Nicholas Bloom: The credit crunch may cause another great depression
Rafael Repullo and Javier Suarez: The procyclical effects of Basel II
Charles Goodhart: Central banks’ function to maintain financial stability: An uncompleted task
Alberto Giovannini: Let banks be banks, let investors be investors
Virginie Coutert and Mathieu Gex: Stormy Weather in the Credit Default Swap Market
Francesco Giavazzi: Why does the spread between LIBOR and expected future policy rates persist, and should central banks do something about it?

Section 3: The proper governmental response

Barry Eichengreen: Anatomy of the financial crisis
Charles Calomiris: The subprime turmoil: What’s old, what’s new, and what’s next
Romain Rancière: An international perspective on the US bailout
Erik Berglöf and Howard Rosenthal: Not the end of capitalism
Giancarlo Corsetti and Gernot Müller: The effectiveness of fiscal policy depends on the financing and monetary policy mix
Daniel Gros: Fiscal policy and the credit crunch: What will work?
Micael Castanheira: Episode V: Expectations strike back
Andrea Boltho and Wendy Carlin: Germany needs high wage settlements and a serious fiscal stimulus
Luigi Zingales: Plan B
Charles Wyplosz: Why Paulson is (maybe) right
Luigi Spaventa: A (mild) defence of TARP
Avinash Persaud: The right alternative to Paulson's plan
Willem Buiter: The Paulson Plan: A useful first step but nowhere near enough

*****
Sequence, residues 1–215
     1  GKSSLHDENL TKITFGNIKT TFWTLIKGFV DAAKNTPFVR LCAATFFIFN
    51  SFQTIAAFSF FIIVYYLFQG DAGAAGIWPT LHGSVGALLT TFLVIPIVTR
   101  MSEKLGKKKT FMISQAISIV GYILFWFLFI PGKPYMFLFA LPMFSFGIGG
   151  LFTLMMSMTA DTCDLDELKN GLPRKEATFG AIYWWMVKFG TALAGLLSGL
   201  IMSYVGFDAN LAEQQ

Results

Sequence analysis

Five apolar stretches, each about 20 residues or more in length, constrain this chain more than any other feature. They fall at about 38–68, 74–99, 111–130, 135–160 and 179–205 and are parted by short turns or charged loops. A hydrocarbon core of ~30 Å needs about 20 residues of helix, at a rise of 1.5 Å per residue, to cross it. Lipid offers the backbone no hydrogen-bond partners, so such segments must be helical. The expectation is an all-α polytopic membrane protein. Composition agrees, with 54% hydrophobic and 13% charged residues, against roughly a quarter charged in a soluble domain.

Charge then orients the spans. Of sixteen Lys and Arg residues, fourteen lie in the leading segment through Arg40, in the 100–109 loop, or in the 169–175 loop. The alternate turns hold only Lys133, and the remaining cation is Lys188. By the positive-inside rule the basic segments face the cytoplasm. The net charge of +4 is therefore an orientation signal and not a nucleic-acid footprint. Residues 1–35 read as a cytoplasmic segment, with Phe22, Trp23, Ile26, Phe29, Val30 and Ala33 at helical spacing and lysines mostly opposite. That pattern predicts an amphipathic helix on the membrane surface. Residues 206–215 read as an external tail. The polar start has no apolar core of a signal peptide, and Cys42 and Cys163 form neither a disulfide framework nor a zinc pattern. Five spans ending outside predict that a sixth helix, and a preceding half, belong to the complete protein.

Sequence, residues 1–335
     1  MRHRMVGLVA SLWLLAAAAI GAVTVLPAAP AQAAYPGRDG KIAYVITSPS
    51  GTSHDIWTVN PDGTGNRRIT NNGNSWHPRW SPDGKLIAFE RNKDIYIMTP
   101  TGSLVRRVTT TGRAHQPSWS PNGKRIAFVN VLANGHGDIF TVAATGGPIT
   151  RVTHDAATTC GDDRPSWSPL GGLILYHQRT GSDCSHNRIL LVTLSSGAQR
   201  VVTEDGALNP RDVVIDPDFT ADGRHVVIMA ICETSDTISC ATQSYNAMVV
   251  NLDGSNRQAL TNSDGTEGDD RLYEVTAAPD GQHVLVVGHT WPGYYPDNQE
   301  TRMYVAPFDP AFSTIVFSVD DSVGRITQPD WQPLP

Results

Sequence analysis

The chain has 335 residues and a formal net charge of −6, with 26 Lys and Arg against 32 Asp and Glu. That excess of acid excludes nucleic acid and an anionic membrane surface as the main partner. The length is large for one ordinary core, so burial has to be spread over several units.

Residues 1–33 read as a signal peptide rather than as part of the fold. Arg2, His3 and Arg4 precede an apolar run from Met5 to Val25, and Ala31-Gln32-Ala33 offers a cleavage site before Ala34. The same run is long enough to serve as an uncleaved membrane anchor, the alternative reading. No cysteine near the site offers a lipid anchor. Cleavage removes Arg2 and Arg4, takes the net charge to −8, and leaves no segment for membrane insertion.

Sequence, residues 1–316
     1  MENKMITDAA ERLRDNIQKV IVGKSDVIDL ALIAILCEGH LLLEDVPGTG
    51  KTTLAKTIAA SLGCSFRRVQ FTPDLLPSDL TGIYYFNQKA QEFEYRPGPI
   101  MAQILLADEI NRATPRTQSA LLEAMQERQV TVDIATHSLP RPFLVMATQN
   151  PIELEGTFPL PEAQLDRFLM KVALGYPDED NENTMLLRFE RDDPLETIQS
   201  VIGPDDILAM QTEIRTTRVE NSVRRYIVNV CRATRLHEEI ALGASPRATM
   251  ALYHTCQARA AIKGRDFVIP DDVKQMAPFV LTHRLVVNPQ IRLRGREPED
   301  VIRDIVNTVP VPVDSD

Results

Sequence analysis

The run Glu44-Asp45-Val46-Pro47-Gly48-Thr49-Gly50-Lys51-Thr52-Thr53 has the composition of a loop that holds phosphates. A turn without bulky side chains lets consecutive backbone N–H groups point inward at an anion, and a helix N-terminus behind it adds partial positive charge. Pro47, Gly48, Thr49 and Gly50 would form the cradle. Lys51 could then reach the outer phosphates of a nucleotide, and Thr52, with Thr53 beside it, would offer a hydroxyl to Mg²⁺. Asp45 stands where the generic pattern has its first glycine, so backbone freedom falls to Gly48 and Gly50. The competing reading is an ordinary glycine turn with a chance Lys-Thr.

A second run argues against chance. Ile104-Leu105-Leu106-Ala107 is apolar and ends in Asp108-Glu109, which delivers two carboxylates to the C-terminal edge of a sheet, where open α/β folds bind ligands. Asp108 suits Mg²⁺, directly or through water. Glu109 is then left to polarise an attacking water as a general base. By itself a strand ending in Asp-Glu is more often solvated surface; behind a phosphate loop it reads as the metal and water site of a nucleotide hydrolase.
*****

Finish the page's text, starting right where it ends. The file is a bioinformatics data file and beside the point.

Viral Acharya: From recapitalisation to restructuring and reforms
Luigi Zingales: Why Paulson is wrong
Charles Calomiris: A matched preferred stock plan for government assistance
Jeffrey Frankel: An emerging consensus against the Paulson Plan: Government should force bank capital up, not just socialise the bad loans
Marco Onado: Banks’ losses and capital: The new version of the paradox of Achilles and the tortoise
Ricardo Cesari: TARP2: A totally alternative relief programme
Tito Boeri: Involving European citizens in the benefits of the rescue plan: The political paradoxes of bank socialism
Marco Pagano: What is a reverse auction?
Daniel Gros: ‘No recourse’ and ‘put options’: Estimating the ‘fair value’ of US mortgage assets
Javier Suarez: Bringing money markets back to life
Viral Acharya and Raghu Sundaram: The other part of the bailout: Pricing and evaluating the US and UK loan guarantees
Daniel Gros and Stefano Micossi: The beginning of the end game…
Charles Wyplosz: Financial crisis resolution: It’s all about burden-sharing
Guillermo de la Dehesa: Is the euro area facing a credit crunch or a credit squeeze?
Stijn Claessens, M Ayhan Kose and Marco Terrones: Global financial crisis: How long? How deep?
Luc Laeven: The cost of resolving financial crises
Keiichiro Kobayashi: Financial crisis management: Lessons from Japan’s failure
Barry Eichengreen: And now the Great Depression
Eric Hughson and Marc Weidenmier: Financial markets and a lender of last resort
Esther Duflo: Too many bankers?


Ph.D. student in the Public Policy department, University of Maryland and Financial Economist, Federal Deposit Insurance Corporation

Minos A. Zombanakis Professor of the International Financial System, Harvard Kennedy School


CEPR Policy Research